“China is out there and is trying to win every race globally. The West must do everything it can to subvert its efforts and find alternative nations to work with,” David Zaikin- CEO of Key Elements Group, alumnus and founder of the Mining Club at the London Business School- Inside Sources, March 2021
It’s not like anyone in the global heavy industry sector can say that we didn’t see this coming. Here at Resource Erectors, we’re not quite ready to concede “control of our destiny” to the Chinese just yet as PBS author Llewellyn King suggests in the ominously dramatic title of his 2021 Inside Source article, How China’s Rare Earths Monopoly Controls Our Destiny.
Using the Global 500 list as a benchmark, the US and China still pack about equal punch, though the weird hybrid of “communist capitalism” has OEMs in the rest of the world looking to develop green resources without falling under the unpredictable Chinese red thumb.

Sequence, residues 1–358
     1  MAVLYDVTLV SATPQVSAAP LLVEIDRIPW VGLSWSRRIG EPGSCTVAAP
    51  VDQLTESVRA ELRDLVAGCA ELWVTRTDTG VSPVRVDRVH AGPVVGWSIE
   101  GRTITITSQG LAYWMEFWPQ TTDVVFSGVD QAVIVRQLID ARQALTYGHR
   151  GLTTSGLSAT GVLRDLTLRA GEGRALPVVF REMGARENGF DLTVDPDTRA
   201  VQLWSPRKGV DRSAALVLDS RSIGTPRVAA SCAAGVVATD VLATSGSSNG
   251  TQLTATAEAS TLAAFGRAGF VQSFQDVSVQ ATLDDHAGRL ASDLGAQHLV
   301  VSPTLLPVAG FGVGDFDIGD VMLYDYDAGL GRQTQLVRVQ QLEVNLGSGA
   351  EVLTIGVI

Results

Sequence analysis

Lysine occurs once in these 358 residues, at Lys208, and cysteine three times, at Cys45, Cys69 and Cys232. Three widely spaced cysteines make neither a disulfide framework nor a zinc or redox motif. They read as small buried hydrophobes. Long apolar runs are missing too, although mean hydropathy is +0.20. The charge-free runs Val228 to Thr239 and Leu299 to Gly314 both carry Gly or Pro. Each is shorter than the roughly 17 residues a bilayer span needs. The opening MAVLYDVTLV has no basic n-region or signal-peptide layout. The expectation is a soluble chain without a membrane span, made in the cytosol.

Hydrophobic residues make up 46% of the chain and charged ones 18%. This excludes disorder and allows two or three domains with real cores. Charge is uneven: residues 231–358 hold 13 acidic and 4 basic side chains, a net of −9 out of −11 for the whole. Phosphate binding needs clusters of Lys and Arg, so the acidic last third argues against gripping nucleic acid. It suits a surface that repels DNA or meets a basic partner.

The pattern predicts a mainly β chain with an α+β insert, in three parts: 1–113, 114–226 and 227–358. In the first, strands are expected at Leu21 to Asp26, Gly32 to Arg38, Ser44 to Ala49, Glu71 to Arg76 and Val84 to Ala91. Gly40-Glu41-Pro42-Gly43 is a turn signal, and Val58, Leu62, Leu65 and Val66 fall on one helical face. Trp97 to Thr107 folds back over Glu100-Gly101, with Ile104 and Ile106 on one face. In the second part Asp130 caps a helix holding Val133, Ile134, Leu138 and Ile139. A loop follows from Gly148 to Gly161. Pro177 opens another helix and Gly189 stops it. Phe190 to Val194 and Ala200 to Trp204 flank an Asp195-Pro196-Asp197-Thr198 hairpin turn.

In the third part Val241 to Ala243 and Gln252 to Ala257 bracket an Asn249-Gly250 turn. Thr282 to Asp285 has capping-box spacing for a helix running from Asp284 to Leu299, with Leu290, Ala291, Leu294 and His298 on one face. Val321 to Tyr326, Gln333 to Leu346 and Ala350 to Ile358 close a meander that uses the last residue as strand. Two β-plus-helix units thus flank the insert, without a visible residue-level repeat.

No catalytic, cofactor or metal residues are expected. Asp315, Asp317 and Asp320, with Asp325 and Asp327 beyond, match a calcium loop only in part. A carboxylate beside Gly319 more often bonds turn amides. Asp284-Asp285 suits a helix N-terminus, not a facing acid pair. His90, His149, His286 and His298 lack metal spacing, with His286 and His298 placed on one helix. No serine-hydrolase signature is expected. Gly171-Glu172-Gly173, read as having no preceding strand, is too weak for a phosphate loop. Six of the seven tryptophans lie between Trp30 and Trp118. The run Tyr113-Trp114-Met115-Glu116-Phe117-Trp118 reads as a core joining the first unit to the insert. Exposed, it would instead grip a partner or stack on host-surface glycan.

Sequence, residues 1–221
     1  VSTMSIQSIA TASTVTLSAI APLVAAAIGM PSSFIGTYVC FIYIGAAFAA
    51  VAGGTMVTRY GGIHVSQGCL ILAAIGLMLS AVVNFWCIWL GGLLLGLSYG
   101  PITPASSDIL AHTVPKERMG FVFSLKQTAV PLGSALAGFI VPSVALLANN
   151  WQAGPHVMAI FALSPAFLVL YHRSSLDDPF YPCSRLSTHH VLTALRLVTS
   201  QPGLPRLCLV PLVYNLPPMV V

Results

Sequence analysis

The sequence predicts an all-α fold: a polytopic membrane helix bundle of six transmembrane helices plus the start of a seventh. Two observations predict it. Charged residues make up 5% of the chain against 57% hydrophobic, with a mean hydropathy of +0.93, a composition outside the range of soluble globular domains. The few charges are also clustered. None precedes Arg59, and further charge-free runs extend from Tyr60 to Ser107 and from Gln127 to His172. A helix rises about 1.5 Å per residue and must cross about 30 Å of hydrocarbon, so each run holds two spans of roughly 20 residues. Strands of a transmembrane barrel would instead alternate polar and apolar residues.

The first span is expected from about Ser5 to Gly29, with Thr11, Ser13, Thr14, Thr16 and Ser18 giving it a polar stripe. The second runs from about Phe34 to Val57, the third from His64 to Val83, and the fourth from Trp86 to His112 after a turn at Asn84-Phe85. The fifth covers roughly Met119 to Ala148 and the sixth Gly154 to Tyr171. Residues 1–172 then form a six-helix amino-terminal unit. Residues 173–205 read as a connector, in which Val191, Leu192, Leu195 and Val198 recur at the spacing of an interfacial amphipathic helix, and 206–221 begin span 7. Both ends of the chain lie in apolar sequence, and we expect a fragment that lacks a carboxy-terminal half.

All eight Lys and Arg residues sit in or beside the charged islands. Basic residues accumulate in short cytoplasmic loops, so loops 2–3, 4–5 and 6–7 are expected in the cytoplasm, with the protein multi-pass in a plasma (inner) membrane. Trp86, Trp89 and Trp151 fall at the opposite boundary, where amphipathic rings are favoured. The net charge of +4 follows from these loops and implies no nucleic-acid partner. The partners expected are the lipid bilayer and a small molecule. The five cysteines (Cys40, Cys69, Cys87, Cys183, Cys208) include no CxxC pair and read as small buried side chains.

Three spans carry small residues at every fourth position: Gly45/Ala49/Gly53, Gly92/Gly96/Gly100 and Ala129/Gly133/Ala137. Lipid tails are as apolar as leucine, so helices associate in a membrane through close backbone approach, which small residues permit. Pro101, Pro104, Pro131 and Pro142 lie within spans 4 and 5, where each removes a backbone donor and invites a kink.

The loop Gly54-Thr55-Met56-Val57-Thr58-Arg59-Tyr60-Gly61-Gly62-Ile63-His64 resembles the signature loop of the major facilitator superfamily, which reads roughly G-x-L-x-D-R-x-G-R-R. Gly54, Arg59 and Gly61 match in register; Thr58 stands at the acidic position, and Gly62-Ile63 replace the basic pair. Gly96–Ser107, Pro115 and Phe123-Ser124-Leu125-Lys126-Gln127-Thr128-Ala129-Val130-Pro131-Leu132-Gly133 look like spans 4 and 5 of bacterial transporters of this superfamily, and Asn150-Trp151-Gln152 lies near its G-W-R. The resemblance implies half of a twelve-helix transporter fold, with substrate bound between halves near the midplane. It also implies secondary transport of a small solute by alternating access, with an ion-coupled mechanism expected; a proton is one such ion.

We’ll forgive the engineering layman Llewellyn King’s naive reference to enhanced refrigerator magnets making wind turbines “economically feasible”. Enhanced magnets or not, most wind turbines in use today will be headed for the scrap heap in 10 years or so, according to Italy’s largest energy company CEO, Enel’s Nicola Rossi.
Greensters the world over are already wringing their hands and gnashing their teeth over the landfill problems wind turbine farms cause. But even with those inefficient quixotic windy contraptions ruled out, truly sustainable green tech still faces the challenges of breaking free from Red China’s monopolies on the energy supply chain.